Picnic of the Pops

I think The Muse has been somewhat disappointed by my lack of activity re. Blogs recently. So much so that she took one of her genius ideas to our good friend Dave Mann of Radio Castle’s Rhythm & Roots show. He came up with a whole hour of music based on the subject of “Food and Drink”.

Now, to be honest I’ve yet to ketchup with the show, but if I was asked to come up with ten suitable tunes, pop-pickers, on my menu these would be they:

10) Frozen Orange Juice by Peter Sarstedt: Talking of Asian British musical artistes, here’s Peter’s joyous follow up to his divine #1 “Where do you go to my lovely”. It’s just so full of summer and reminds me of the days when – apart from being offer to new mums in tiny bottles – orange juice was only readily available canned & frozen as a concentrate from BirdsEye.

09) Orange Crush by REM: Ah! Micheal & the boys when they were angry young men. Wouldn’t have worked under the English title Orange Squash.

08) Pickin’ a Chicken by Eve Boswell: Hungarian born variety star of the 50s sings about the romance of taking the meat off a bird carcass with her best beloved. Happy post rationing thoughts based on the time in South Africa.

07) Mother & Child Reunion by Paul Simon: Another artist who would go on to pick up from South African influences. Melancholy enough as it is, made sadder by Simon being inspired by a chicken and egg dish in a Chinese restaurant.

06) Hong Kong Garden by Siouxsie & The Banshees: Every town has a takeaway thus named, doesn’t it? Authentic food, a friendly welcome and only five minutes from this cinéma. The Queen of the Goths would go on to have a huge hit with her cover of “Dear Prudence” from The Beatles album “The Beatles”.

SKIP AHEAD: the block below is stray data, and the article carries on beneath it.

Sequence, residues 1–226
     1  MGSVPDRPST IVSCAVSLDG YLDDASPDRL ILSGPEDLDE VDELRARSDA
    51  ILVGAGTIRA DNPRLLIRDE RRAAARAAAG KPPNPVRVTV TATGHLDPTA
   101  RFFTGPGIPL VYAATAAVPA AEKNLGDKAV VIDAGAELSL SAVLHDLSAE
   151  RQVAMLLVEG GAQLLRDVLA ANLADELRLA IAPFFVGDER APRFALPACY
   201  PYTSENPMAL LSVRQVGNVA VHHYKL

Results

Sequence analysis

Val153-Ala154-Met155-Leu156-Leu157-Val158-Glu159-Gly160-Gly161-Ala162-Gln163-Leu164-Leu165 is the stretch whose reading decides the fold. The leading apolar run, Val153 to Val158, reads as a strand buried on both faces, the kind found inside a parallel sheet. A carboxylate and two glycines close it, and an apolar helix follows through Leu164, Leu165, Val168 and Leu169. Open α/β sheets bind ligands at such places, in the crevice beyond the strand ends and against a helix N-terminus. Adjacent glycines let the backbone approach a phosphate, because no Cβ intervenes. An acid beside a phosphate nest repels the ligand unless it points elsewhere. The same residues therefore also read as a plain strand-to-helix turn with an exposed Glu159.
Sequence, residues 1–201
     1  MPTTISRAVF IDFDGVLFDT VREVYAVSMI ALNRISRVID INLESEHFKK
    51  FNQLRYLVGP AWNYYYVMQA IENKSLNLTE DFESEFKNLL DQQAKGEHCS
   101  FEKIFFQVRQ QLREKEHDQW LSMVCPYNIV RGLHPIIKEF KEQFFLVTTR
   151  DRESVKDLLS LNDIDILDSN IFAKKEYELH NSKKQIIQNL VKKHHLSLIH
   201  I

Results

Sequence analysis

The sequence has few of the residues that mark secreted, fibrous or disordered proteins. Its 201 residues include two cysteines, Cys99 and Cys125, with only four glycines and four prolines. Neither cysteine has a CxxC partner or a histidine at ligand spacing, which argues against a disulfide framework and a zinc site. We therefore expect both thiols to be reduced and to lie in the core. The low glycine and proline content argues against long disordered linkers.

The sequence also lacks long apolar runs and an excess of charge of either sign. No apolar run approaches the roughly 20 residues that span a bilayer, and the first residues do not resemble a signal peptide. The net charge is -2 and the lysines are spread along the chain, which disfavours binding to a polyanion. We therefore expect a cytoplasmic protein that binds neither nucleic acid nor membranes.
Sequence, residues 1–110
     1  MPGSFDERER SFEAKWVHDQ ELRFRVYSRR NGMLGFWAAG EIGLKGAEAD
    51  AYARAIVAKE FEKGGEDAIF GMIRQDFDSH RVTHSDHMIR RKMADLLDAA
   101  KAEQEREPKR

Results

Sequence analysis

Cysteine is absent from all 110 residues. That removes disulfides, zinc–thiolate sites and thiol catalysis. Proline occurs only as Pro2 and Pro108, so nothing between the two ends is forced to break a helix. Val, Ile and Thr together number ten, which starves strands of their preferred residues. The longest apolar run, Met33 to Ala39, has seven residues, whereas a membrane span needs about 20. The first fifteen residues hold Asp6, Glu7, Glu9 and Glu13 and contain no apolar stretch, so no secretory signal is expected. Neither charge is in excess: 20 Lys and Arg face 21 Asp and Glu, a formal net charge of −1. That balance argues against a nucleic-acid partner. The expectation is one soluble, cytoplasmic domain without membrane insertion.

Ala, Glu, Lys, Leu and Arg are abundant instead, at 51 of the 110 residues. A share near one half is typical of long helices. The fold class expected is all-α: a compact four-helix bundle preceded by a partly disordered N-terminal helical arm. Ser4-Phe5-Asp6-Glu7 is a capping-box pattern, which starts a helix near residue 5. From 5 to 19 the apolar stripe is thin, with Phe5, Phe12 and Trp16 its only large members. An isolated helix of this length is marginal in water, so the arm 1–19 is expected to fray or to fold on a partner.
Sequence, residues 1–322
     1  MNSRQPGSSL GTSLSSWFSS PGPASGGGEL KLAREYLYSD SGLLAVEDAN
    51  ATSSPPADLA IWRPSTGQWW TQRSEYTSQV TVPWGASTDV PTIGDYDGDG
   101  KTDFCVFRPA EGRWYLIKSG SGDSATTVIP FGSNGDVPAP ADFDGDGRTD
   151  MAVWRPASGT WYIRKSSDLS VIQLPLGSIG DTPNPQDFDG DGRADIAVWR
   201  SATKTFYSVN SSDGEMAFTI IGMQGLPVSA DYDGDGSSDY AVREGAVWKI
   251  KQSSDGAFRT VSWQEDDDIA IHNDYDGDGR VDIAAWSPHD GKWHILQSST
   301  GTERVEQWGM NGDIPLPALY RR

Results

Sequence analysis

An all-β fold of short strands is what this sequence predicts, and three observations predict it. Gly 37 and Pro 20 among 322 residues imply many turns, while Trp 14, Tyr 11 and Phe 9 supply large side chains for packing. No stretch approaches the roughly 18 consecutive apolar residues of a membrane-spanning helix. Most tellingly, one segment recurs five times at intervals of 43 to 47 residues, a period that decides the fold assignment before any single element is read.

05) Savoy Truffle by The Beatles. From that self-same-overstuffed White Album comes this comedic number, loosely based on the index card from a box of Mackintosh’s Good News selection. George Harrison seeks to expose the chocolate obsession of a young session guitarist. Suitably chastened Eric Clapton would be cured of that addiction. Ahem.

04) No Woman No Cry by Bob Marley & The Wailers. Perhaps the most famous version of this was recorded at London’s Lycieum theatre. The crowd gives a good pop at the mention of “Wholemeal Porridge”, possibly the only cultural reference a white, middle class audience would get. Gerald, remind me to pop into Waitrose in the morning… Anyway, the ghost of Bob Marley pays a visit to Sweeney & Todd in Reading, and drifts up to Joan and asks “Madam, could you provide me with a vegetable pattie for my journey?” “Sorry Mr Marley, the kitchen’s closed now”. So he turns to John the barman requesting “Sir, please could you give my a tot of Captain Morgan for my journey?” “Bob, I’m so sorry but the time bell just rang…” And so the ghost of Bob Marley sadly dissolves singing “No rum and no pie, No rum and no pie”…

03) Shake Rattle and Roll by Bill Haley and His Comets: Get out in that kitchen and rattle those pots and pans, the stocky be-quiffed plaid coated rocker tells his woman. Hopefully followed shortly after by the sound of plates and platters being thrown at the demandee.

02) Bangers and Mash by Peter Sellers & Sophia Loren: Mouthy Cockney chancer marries curvaceous Italian beauty. Complains about her cooking.  Il maiale…

01) Bud the Spud by Stompin’ Tom Connors: In Canada, man cannot live by bread alone. The potatoes must get through, eh? Bud’s the trucker who brings ’em over from PEI, Tom stomps him on his way…

And there’s our top ten.

Yet I feel we’ve hardly got the wrapper off this rhubarb.

Would you like to come back for a second helping?

Service charge not included.

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About simonwebsterwise

Pretend Canadian. Doter on women. Professional sports spectator. Askew view on the world.

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